A minister is calling on D.C. police to investigate as a hate crime the toppling of a Ten Commandments statue outside the headquarters of an evangelical Christian group, but the group’s leaders said Tuesday they would be content if the person or people responsible just turned themselves in.
Until last weekend, the 850-pound granite sculpture stood in front of the headquarters of Faith and Action, facing the U.S. Supreme Court across the street.
On Tuesday, the 3-by-3-foot monument remained tipped forward, its face inches from the ground and the commandments unreadable.
“This is not just an attack of the monument, this is an attack on what the Ten Commandments represent,” said the Rev. Patrick Mahoney of the Christian Defense Coalition. “I’m asking police to investigate this as a hate crime.”
D.C. police spokeswoman Gwendolyn Crump said Tuesday that police were investigating a damage to property report, but “if more information becomes available during the investigation, we will take the appropriate action.”
According to last year’s annual report for D.C. police, a hate crime is defined as “a criminal act that demonstrates an accused’s prejudice” against any one of a number of protected classes that include religion.
The Rev. Rob Schenck, head of Faith and Action, promised that he and his organization would not press charges against the culprit, provided they sit down with the Christian group to discuss their motive and listen to the group’s reason for displaying the commandments.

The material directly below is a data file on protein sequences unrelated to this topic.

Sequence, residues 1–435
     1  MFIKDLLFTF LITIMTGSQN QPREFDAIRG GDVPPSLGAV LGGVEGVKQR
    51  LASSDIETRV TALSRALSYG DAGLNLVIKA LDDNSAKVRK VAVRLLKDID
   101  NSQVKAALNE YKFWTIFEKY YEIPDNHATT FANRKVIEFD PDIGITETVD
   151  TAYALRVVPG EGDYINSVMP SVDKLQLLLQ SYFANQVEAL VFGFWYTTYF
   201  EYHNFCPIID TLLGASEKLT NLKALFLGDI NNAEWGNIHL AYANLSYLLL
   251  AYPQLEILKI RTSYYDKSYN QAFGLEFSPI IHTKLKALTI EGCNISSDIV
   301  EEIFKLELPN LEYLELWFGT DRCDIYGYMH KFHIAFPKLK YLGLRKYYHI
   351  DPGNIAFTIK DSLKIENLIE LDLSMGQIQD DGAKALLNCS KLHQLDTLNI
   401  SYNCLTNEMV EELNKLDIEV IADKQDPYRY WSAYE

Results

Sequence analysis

“You have helped us in our mission,” Mr. Schenck said Tuesday, as he spoke outside the group’s headquarters. “You prove our point that we all violate the Ten Commandments. It’s clear whoever damaged this display wanted to silence” those religious directives.
Mr. Schenck said his organization is in the process of reviewing how best to proceed to restore the monument. He estimated repairs could cost as much as $10,000 and take weeks.
The Rev. Kenneth Johnson was at the Faith and Action headquarters Tuesday and said he remembered helping to erect the monument in 2006. Mr. Johnson said it took seven people to maneuver the monument into the ground and likely took six or eight people to shove over the stone.
Mr. Schenck said neighbors did not hear any noises Saturday when authorities suspect the vandalism occurred nor were there any other signs of damage to the organization’s property.
“This is a very heavily policed neighborhood and high-security zone,” Mr. Schenck said, adding that while he was frustrated no one saw the vandals, “it was raining, it was dark.”